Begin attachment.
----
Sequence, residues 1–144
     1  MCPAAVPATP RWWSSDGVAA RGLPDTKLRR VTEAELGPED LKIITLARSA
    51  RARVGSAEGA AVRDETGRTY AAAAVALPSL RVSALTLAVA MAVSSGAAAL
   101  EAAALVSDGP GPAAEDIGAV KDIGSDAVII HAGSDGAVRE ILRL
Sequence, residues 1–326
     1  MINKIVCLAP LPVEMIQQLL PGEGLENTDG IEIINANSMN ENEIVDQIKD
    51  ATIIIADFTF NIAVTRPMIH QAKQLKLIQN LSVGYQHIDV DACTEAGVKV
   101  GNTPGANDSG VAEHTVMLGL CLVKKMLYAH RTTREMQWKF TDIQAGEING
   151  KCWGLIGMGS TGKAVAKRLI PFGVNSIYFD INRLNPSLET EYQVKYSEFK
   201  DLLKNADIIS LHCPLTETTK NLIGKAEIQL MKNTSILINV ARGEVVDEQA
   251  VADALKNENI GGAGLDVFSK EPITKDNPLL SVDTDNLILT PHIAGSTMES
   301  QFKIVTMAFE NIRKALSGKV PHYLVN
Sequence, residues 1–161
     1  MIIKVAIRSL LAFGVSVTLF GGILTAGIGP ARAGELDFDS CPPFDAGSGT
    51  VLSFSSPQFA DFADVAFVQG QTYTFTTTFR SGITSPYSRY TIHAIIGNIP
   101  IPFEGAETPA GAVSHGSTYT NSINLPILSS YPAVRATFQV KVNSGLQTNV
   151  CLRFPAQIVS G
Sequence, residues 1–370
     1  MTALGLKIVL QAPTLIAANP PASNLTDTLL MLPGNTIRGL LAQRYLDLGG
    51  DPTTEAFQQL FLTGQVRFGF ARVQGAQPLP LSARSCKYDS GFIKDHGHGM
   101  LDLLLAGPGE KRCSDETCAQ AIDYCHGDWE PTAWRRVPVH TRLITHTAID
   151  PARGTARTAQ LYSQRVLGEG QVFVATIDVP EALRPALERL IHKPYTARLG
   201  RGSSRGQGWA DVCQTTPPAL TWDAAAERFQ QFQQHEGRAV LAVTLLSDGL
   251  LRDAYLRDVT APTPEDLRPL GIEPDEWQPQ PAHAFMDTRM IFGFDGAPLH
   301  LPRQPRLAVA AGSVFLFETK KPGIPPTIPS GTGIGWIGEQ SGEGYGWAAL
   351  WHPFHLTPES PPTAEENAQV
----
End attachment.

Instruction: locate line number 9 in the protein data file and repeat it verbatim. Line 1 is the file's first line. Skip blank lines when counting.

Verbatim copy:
   151  KCWGLIGMGS TGKAVAKRLI PFGVNSIYFD INRLNPSLET EYQVKYSEFK